On Sunday, we'll be treated to a special cosmological treat. The year's biggest and brightest full moon will rise.
Technically there's only one super moon a year, and this is it. The term refers to the time when the moon, which orbits Earth in a slightly elliptical trajectory, is at the absolute closest it can get while also being full.
That officially happens at 2:10 p.m. Sunday, but the moon should still be quite impressive when it rises over the horizon in the evening both Saturday and Sunday. That is if the clouds cooperate. Forecasts call for partly cloudy weather this weekend in the Tampa Bay area.
Other full moons have come very close (one on July 12 and another coming on Sept. 9) and unofficially been granted the super moon title, but Sunday's will be ever so slightly more magnificent.
"The size difference between even the dimmest and brightest full moon is only a bit more than 10 percent," Shawn Domagal-Goldman, research space scientist at NASA's Goddard Space Flight Center, said, "So the difference between other "super moons" and this one isn't huge." But for him, Domagal-Goldman said, the event is a great excuse to take a moment to enjoy the beauty of the moon, something so often ignored in hectic day-to-day life.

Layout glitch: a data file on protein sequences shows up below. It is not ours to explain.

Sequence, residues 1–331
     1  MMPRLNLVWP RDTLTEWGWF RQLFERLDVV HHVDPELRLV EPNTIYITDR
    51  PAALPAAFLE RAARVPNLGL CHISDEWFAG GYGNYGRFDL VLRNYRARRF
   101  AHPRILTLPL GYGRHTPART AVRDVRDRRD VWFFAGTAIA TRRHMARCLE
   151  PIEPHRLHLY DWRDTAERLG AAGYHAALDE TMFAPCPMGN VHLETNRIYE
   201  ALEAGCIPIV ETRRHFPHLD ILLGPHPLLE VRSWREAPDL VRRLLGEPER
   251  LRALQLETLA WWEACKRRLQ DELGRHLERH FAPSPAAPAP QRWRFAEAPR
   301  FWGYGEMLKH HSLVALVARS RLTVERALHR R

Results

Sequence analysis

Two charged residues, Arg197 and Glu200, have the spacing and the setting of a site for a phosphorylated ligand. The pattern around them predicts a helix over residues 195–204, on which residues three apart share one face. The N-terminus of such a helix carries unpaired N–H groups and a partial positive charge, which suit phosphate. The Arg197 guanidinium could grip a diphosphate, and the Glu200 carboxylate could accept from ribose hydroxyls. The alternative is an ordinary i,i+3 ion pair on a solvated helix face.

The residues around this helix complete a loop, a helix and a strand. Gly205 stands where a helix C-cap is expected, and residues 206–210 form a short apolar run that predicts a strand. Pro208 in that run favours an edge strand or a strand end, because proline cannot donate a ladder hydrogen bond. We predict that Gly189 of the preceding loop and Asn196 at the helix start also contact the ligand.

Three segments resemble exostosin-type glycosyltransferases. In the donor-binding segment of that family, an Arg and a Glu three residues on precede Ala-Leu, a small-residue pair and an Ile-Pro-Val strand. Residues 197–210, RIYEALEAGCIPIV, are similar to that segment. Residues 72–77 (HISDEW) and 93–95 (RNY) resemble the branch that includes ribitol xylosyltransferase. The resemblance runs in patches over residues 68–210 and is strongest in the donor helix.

Lunar events should be especially exciting to urbanites. "Normally, when cool stuff is happening in the night sky, we miss it because of the light pollution," Domagal-Goldman said. "But there's no such thing as too much light pollution to see the moon. All you need is nighttime and a clear sky. If you live in a city and want to share in the awe of the cosmos, this is the astronomical event for you."
To get those clear skies, Domagal-Goldman recommends going out right at moonrise. And some optical tricks will help your viewing experience at that time, too. "It's going to look biggest and brightest to us when it's right next to the horizon," Domagal-Goldman said. When the moon is right next to things that we're familiar with, like trees and buildings, it looks much bigger than when surrounded by other astronomical bodies like stars.
It's true that most of us see Mars as the next frontier, but let's not forget that there's still lots to learn about our own moon. The Lunar Reconnaissance Orbiter continues to study and map the moon, tracking the footprints and rover trails left from Apollo and seeking out the best landing spots for future human missions. Researchers hope that the moon can teach us about the origins of our own planet.
Information from the Washington Post was used in this report.